Almost half of motorists think video games and films are giving youngsters “the wrong impression” of driving, according to new research.
A survey of 1,000 motorists by under-17 driver training firm Young Driver found that 47 percent of respondents thought games such as Grand Theft Auto and Forza Horizon were skewing youngsters’ views of driving. Some 40 percent believed such games were making “bad driving look cool” and a third (33 percent) laid the same accusation at the door of TV shows and films.
Nearly four in 10 drivers (39 percent) said films and TV shows rarely showed the consequences of fast driving, while 29 percent thought teens’ attitudes were “influenced” by films such as the Fast and Furious series.
Interestingly, young drivers were even more likely to say games and films were corrupting new drivers, with six in 10 18-24-year-olds saying depictions of driving on the big and small screens were making driving look easier than it really is.
Sue Waterfield, head of marketing at Young Driver, said children were bound to be affected by the depictions of dangerous driving found in video games.
“It’s concerning if new drivers are being influenced by what they seen on screens to believe reckless driving is cool and without consequence, given their brains may not see risk in the same way an older driver would,” she said. “That’s why it’s so important that young people are taught from an early age what a responsibility driving is, and how to do it safely. If they come to it for the first time aged 17, and they’ve been immersed in footage of sports cars doing impossible stunts, of course it’s going to skew their concept of driving.”
However, a small number of drivers said they thought video games were useful, offering youngsters a way to drive recklessly in a safe environment. Some 11 percent of those questioned said they thought games were good for helping young drivers “get it out of their systems”.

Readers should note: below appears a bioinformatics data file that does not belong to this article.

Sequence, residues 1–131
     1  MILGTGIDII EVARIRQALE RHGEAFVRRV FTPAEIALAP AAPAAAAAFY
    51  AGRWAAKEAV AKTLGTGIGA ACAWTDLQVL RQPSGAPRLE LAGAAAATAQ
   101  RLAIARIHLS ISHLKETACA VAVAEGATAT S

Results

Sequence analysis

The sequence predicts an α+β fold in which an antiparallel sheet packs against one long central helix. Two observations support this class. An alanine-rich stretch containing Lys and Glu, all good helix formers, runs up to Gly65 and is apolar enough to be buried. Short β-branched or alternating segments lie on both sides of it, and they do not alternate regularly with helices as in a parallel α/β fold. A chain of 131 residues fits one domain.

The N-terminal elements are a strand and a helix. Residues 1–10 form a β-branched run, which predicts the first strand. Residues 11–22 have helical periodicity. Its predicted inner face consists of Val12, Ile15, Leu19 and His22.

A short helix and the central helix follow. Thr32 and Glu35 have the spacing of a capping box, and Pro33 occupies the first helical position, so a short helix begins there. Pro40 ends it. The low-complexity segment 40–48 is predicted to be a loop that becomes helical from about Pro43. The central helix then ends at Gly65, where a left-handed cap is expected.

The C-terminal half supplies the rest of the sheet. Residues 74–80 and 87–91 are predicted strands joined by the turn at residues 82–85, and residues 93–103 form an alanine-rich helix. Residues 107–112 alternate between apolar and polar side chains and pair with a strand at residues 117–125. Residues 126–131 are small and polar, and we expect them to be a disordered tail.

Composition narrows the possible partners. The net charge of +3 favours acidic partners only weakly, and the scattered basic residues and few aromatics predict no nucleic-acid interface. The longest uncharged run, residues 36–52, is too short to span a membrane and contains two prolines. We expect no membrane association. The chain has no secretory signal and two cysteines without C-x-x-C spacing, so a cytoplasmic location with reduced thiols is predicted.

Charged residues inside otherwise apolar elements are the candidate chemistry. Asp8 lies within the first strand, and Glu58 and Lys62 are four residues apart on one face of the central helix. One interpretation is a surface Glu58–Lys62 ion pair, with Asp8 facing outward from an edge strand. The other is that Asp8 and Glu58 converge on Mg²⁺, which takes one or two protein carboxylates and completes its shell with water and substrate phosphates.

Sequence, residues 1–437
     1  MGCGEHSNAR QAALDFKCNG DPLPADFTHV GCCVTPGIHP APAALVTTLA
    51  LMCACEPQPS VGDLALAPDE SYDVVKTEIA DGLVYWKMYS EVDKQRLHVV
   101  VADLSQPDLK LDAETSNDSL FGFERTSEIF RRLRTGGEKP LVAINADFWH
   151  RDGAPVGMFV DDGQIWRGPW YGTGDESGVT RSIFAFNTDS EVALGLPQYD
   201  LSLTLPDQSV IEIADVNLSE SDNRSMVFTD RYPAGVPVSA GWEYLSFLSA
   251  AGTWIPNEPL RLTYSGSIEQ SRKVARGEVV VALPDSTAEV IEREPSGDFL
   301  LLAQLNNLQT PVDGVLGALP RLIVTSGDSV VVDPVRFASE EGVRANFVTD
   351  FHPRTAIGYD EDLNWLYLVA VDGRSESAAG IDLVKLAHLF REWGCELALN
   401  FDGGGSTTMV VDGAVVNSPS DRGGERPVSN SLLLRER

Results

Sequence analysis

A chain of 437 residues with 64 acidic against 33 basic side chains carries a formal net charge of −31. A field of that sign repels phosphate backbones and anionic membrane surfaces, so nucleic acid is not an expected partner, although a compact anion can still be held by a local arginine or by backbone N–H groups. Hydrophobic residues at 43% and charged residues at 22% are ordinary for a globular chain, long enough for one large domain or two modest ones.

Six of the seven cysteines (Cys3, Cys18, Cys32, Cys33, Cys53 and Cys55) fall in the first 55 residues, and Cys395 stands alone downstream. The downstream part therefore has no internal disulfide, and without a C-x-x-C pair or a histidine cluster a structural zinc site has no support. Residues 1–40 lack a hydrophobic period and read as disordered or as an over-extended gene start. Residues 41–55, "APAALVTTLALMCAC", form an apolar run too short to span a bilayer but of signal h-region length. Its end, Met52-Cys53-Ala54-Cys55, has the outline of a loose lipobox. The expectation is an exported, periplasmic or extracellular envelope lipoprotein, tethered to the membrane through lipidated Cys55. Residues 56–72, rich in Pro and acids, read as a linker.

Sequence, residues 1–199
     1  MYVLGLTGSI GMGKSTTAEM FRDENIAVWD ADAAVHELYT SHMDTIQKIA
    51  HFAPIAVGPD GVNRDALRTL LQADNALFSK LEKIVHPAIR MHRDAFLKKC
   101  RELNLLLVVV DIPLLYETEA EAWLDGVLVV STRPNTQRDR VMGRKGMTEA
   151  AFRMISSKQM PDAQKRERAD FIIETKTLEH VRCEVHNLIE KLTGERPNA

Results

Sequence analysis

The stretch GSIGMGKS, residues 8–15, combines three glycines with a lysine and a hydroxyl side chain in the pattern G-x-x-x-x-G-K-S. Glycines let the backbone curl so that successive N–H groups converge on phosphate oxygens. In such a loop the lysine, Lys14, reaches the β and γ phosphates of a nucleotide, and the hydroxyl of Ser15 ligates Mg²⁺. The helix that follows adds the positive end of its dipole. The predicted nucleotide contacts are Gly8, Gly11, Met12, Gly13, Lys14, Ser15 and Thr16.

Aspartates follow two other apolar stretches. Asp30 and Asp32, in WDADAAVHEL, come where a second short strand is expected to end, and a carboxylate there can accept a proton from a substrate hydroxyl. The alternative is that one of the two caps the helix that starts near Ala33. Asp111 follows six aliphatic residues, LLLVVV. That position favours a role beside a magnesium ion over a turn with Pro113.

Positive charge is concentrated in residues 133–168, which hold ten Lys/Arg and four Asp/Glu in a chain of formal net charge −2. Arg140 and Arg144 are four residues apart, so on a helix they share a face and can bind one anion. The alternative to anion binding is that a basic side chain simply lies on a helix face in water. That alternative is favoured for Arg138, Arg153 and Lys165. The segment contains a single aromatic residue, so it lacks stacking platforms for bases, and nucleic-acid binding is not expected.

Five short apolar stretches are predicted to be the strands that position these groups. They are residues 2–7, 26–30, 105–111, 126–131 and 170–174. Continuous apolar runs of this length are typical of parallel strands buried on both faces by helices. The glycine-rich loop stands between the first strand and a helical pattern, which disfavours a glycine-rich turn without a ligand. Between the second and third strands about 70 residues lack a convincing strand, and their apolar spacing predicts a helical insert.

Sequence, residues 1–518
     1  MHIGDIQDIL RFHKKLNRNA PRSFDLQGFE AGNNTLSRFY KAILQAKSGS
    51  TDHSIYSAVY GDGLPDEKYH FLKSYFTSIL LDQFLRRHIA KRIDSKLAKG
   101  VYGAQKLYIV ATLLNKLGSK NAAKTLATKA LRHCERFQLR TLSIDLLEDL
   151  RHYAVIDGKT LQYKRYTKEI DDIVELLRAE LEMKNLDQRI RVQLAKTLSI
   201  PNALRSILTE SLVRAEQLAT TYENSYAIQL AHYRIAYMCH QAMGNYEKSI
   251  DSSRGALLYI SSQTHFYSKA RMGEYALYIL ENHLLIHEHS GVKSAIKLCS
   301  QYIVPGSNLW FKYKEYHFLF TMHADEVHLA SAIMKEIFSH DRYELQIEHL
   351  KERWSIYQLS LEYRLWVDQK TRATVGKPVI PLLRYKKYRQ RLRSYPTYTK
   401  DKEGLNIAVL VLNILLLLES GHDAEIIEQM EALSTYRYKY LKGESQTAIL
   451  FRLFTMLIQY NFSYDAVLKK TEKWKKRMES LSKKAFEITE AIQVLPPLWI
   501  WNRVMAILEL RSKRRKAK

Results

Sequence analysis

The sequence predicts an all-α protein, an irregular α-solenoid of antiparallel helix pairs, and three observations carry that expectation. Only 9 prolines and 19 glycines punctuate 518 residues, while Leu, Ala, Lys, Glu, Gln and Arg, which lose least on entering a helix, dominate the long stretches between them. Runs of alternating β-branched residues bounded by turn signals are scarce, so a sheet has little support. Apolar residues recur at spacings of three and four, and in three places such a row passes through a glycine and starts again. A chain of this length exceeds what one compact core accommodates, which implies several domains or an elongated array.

Motoring journalist and former Top Gear presenter Quentin Willson admitted more research was required to investigate the links between video games and dangerous driving, but he claimed that those who hadn’t been exposed to games were more “receptive” to safety-based guidance.
“We don't know the effects that games like Grand Theft Auto and Need for Speed have on teen attitudes to road safety simply because the research hasn’t been done yet,” he said. “But at Young Driver we see every day that if you catch pre-teen kids who haven’t yet been corroded by the glorification of bad driving in films, on TV and through gaming, they’re much more receptive to road safety messages.”
And Nicola Morgan, an author specialising in adolescent development, said if youngsters were imbued with a “risk-taking mindset”, they would be more likely to put their desire for excitement ahead of safety considerations.
“Teenage brains are still developing and that continues well into the twenties,” she said. “The last area to develop is the prefrontal cortex, which is the brain’s ‘control centre’, necessary for tasks such as self-control, decision-making, risk analysis and saying no. So, at 17 years old, teens do not generally have a fully developed control centre to help them make good decisions and control their emotional urges, including risk-taking. If they have a risk-taking mindset, they may put thrill before safety; and even if they don’t mean to, they may be more driven by excitement than reason.”